Even though the Driving Boom is now over, state and federal governments continue to pour vast sums of money into the construction of new highways and expansion of old ones – at the expense of urgent needs such as road and bridge repairs, improvements in public transportation and other transportation priorities. Eleven proposed highway projects across the country – slated to cost at least $13 billion – exemplify the need for a fresh approach to transportation spending.

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Report | Illinois PIRG Education Fund | Public Health

Weak Medicine

Antibiotic-resistant bacteria infect more than 2 million people per year in the United States, causing more than 23,000 deaths. State governments, the FDA and other branches of the federal government should take steps to protect human health from the antibiotic-resistant bacteria that can develop on factory farms.

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Report | Illinois PIRG Education Fund | Public Health

Ending the Abuse of Antibiotics in Livestock Production

Over 70% of antibiotics in classes used in human medicine are sold for use in food animals.  This is typically done to increase the speed at which animals gain weight or to prevent disease caused by unhealthy and unsanitary conditions. The use of antibiotics – many of which are identical (or nearly so) to human medicines such as those containing penicillin, tetracycline, erythromycin, and sulfonamide - in livestock production on this massive scale accelerates the development of drug-resistant bacteria, which can then find their way to the human population through numerous pathways.

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Report | Illinois PIRG Education Fund and Citizens for Tax Justice | Tax

Offshore Shell Games 2014

Many large U.S.-based multinational corporations avoid paying U.S. taxes by using accounting tricks to make profits made in America appear to be generated in offshore tax havens—countries with minimal or no taxes. By booking profits to subsidiaries registered in tax havens, multinational corporations are able to avoid an estimated $90 billion in federal income taxes each year. These subsidiaries are often shell companies with few, if any employees, and which engage in little to no real business activity.

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Blog Post | Consumer Protection

What you can do to avoid the CTA's new hidden fees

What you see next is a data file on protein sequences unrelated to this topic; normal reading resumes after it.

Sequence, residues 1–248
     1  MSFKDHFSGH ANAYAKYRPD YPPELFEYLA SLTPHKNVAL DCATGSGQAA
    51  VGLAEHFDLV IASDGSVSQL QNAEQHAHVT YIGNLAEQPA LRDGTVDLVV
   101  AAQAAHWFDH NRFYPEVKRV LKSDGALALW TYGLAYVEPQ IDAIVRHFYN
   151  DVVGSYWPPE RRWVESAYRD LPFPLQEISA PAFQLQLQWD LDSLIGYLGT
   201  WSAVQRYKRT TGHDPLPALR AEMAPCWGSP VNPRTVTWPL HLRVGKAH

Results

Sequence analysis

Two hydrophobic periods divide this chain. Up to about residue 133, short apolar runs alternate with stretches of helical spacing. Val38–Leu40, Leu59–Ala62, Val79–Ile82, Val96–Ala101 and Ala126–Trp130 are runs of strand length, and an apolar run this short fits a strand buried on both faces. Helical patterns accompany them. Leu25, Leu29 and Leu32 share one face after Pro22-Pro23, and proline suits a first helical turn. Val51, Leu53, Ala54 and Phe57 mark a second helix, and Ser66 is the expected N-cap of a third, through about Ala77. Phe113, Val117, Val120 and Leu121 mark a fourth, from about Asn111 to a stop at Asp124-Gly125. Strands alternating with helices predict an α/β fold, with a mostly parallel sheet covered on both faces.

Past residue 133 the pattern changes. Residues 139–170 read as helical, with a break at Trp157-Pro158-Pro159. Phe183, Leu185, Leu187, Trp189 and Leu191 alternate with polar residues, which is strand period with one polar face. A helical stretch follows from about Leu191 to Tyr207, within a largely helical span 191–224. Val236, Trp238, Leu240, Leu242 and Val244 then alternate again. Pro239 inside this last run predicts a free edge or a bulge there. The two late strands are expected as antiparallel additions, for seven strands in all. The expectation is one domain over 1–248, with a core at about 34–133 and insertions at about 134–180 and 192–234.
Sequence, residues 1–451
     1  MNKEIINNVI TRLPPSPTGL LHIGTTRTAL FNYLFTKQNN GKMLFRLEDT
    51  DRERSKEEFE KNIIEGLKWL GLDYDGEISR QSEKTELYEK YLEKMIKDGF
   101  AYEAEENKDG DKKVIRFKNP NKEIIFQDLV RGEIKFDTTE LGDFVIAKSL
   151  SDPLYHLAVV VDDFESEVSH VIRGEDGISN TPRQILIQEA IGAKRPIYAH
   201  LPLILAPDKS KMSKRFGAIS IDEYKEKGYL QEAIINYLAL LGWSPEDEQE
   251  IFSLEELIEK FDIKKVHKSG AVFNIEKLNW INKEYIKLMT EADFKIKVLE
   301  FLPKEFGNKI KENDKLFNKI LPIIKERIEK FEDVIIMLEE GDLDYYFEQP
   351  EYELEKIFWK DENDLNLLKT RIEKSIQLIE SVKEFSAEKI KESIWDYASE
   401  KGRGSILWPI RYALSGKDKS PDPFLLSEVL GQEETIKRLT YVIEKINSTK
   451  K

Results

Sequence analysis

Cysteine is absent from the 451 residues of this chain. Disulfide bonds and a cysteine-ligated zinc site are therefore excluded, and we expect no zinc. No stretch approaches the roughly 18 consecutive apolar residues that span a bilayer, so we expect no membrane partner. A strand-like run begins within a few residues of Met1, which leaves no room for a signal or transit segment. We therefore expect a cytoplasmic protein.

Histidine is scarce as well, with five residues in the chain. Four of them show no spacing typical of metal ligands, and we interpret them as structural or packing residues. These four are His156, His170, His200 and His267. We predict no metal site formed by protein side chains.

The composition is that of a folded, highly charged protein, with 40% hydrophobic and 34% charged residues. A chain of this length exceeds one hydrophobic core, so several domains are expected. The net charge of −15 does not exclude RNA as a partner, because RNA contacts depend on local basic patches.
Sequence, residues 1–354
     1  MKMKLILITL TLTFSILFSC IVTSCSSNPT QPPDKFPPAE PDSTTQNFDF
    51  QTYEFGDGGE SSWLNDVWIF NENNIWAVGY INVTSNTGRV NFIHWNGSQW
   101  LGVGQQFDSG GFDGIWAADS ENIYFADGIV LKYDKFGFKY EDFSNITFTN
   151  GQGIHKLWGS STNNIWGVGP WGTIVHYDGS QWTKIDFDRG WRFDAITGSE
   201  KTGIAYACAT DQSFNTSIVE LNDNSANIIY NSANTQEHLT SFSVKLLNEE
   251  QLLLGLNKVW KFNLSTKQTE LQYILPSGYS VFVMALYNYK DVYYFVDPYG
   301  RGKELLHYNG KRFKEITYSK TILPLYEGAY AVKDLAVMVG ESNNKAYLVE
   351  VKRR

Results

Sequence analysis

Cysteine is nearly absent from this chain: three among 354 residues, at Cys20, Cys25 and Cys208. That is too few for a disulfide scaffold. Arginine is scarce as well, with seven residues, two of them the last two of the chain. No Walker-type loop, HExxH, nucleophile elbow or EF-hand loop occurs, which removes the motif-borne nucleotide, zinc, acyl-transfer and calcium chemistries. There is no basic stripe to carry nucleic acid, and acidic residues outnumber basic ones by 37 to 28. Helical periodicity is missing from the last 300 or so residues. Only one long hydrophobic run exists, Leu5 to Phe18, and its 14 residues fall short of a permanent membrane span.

Ventra is the new payment system for Chicago transit that will eventually allow customers to use a single fare card for regional transit throughout the Chicago area.  The new "Ventra Card" will include  the option of registering for a prepaid debit card - but you need to be careful.  This prepaid debit card can leave you on the hook for hidden fees and unpredictable charges.  

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Blog Post | Democracy

Why Target Is Still a Target | Brian Imus

Two years ago, the public spoke out against the Supreme Court’s decision to allow unlimited corporate spending in politics when consumers boycotted Target Corporation for controversial political spending in Minnesota’s state elections. That's why today, at the Target Corporation shareholder meeting in Chicago, shareholders will have an opportunity to vote on a resolution filed by Green Century Funds that calls for an end to the use of shareholder money to influence elections.

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Blog Post

 

For several years, Illinois PIRG and our allies have been working to hold Peoples Gas accountable for its troubled pipe replacement program. As documented by the Illinois PIRG Education Fund report released in June, the program is mismanaged, misdirected, and a bad deal for Chicago.

News Release | U.S. PIRG Education Fund

The U.S. Consumer Product Safety Commission (CPSC) announced today that discount stores T.J. Maxx, Marshalls and HomeGoods sold 19 different recalled products to consumers between 2014 and 2019. In the case of five products, the stores’ parent company TJX initiated the recall. The products included the Rock ‘N Play and Kids II inclined infant sleepers, which are responsible for a number of fatalities, rattles that can break and pose a choking hazard, and electronics that overheat or explode.

News Release | Illinois PIRG Education Fund

Peoples Gas released its third quarter report Friday on its troubled pipe replacement program, which was the subject of a highly critical Illinois PIRG Education Fund report in June. The report shows that for the seventh consecutive quarter --  a period that spans every quarterly report on the project -- the program is behind schedule and over budget. 

News Release | Illinois PIRG Education Fund

Illinois is failing to make progress in its recycling efforts, according to a new study from Illinois PIRG Education Fund. The second annual State of Recycling in Illinois highlights structural challenges, the rise of plastic, effects of failing to recycle, the state’s new chemical recycling law, and trends in the state’s recycling data.

Report | Illinois PIRG Education Fund

Across the United States, our recycling system is faltering. Local governments from Jackson, Mississippi to Sierra Vista, Arizona are ending their curbside recycling programs. Many other municipalities have reduced the list of materials they will accept.  Even when recycling does end up in a blue bin, it may be immediately landfilled or burned --until earlier this year roughly half of Philadelphia's collected recycling was being sent to incinerators.  These are not isolated incidents but are increasingly our new normal. What went wrong? Why are we moving backwards on recycling, an important tool for fighting environmental pollution and climate change? And why is plastic to blame?